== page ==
In the new normal, maskne is a real problem.
Have you seen or heard the term ‘maskne’ being thrown around lately and wondered what on earth it is? It’s not just a new buzzword that’s been making waves in the beauty community, it is unfortunately a very real problem now in the new normal. If you’ve been experiencing your acne worsening, an increase in breakouts around your cheeks and chin area, and irritated skin – congratulations, you probably have maskne.
As if we’ve not had enough of premature ageing, hormonal breakouts (or raging acne in general), overly dry or greasy skin to deal with – now we have to face new issues with inflamed skin and more blemishes in order to stay safe and healthy against the COVID-19 virus. While wearing a mask is a must, now is the time to tweak our skincare routines to adapt to our skin’s new normal. Here are 6 ways on how to do it.
Avoid heavy creams and moisturisers
Regardless of what skin type you have, pairing thick and heavy moisturisers with face masks is a recipe for disaster. Wearing face masks puts your skin in an overly warm and damp environment (even more so in Malaysian weather), perfect for breeding acne-causing bacteria, as well as a buildup of excess dirt and sebum. To hydrate and moisturise the skin, go for lighter, oil-free moisturisers that have a gel-cream texture or are water-based. Look out for moisturisers with Ceramide to help restore your skin’s natural moisture barrier while helping to reduce friction and chafing.
If you have very dry skin, enhance your moisturising routine by incorporating a hydrating serum into your skincare routine. This means looking out for treatments or serums containing humectant ingredients such as Hyaluronic Acid, Glycerin, Sodium Hyaluronate, Propylene Glycol, Honey, Aloe Vera, Algae Extract, Allantoin, and Sodium PCA. These ingredients work by pulling water into your skin, while locking in moisture to keep your thirsty skin quenched.
Skip makeup whenever possible
Your skin is already in a less-than-ideal humid environment underneath your mask, so the last thing it needs is more products such as makeup that can further irritate the skin or clog the pores. It’s best to keep the skin as bare as possible when you’re wearing face masks (but never skip on SPF!), as the increased humidity underneath the mask can affect your sebum production, resulting in inflamed skin and increased breakouts. However, if you must wear makeup, go as minimal as possible, and use non-comedogenic or water-based formulations. For colour makeup, shift your attention to areas that are not covered by the mask, such as playing up your eyes.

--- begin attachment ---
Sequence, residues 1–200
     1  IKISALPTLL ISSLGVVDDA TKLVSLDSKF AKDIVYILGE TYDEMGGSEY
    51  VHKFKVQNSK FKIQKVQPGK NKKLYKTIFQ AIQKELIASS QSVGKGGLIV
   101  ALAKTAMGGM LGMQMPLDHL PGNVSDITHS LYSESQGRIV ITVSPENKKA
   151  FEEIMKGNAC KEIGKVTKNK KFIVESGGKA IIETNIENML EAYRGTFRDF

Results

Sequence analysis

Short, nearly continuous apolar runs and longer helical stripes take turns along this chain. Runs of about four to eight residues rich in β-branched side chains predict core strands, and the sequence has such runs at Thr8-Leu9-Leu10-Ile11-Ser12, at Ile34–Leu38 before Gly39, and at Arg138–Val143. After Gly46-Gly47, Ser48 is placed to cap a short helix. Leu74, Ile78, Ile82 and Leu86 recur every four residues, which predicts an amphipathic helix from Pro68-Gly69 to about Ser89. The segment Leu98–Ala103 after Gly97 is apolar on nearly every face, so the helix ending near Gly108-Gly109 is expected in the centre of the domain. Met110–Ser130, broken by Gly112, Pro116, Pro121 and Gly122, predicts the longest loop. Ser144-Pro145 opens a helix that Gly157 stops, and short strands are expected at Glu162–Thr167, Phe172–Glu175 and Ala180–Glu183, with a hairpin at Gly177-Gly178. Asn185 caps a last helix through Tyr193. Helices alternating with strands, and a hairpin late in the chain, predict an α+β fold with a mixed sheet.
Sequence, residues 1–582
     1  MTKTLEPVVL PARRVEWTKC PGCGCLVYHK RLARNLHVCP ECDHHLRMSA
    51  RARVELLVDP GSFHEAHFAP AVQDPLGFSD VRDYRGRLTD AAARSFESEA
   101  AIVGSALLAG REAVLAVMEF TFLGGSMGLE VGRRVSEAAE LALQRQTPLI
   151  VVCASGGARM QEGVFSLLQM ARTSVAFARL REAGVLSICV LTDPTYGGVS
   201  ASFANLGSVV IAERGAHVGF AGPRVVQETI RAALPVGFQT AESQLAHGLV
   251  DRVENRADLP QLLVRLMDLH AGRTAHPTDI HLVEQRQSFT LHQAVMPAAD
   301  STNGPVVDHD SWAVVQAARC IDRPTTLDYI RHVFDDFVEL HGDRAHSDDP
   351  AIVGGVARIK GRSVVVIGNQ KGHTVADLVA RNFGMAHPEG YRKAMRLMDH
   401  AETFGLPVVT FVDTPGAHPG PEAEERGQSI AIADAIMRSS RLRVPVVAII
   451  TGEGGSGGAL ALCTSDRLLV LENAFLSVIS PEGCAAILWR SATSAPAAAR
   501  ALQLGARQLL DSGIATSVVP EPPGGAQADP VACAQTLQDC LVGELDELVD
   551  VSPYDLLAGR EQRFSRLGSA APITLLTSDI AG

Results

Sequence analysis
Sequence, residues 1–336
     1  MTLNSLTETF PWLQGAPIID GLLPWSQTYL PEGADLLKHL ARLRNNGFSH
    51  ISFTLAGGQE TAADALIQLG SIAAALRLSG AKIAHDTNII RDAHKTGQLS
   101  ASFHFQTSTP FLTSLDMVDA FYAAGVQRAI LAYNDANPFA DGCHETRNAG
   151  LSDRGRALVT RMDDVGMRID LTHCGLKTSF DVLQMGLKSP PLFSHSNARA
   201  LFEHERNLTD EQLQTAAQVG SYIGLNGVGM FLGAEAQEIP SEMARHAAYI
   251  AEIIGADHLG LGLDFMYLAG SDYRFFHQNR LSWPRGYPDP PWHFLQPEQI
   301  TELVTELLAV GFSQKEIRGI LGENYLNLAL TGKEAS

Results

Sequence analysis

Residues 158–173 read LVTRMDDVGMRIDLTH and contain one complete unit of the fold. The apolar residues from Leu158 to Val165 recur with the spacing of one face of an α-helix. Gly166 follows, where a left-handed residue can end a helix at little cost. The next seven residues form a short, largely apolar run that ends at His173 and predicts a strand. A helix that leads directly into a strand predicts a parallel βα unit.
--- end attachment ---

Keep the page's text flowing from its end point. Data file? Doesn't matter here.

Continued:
Go easy on exfoliation
While it’s probably for the best that you shelve some of your stronger peels and active treatments, gentle exfoliation is still necessary to keep your skin clear of buildup. Using leave-on chemical exfoliants with a low percentage of salicylic acid, glycolic acid, or lactic acid 3-4 nights a week can do wonders in keeping maskne at bay. Products with salicylic acid can even penetrate deep into the skin to treat any existing blemishes while reducing redness.
If your skin is highly irritated or inflamed, then take a break from exfoliants altogether to allow your skin to heal, or use it only one night a week on the weekends.
The material used for your face masks actually play a bigger role in preventing maskne or other skin irritations than you think. Using washable cloth masks are not just more environmentally-friendly, it also ensures that hospitals and medical personnel are well-equipped with supplies. However, synthetic materials such as polyester, nylon, or rayon can cause extra friction on the skin, while trapping more heat. This causes you to sweat and dampen the fabric – resulting in inflammation and clogged pores. Look for fabrics such as cotton, which are breathable and softer on the skin. This also minimises skin irritation while keeping you protected. If you’re looking for a truly luxurious mask, this mask from Lisa Von Tang is made of lightweight, lush Egyptian Cotton and Satin Silk.
Prevention and post-inflammatory care
Consider using a skin-soothing ointment, balm, or salve that can help protect sensitive areas on your face from friction and chafing. These products create a protective ‘barrier’ over your skin to help prevent and reduce irritation and redness caused by excessive rubbing of the face mask against your skin. Just apply a thin layer before putting on your mask, or as an overnight occlusive treatment on areas of the skin that are already inflamed.
Blemish stickers for maskne
Pimple patches or zit stickers are a great way to treat maskne without further irritation. These breathable patches typically use a type of hydrocolloid sheet that adheres to the skin to help absorb excess fluid, oil, and pus to aid in the healing of your blemishes while minimising scarring. Some patches even come equipped with microdarts, which contain skin-beneficial ingredients to help ‘inject’ pimples with blemish-fighting treatments to effectively shrink and soothe spots. If you’re going to be spending all your time outside wearing a face mask, using these patches won’t be much of an issue. If you need to take off your mask once in a while, you can even opt for patches that are thinner, less visible, and specially made for daytime use or makeup.
Product photos courtesy of the respective brands.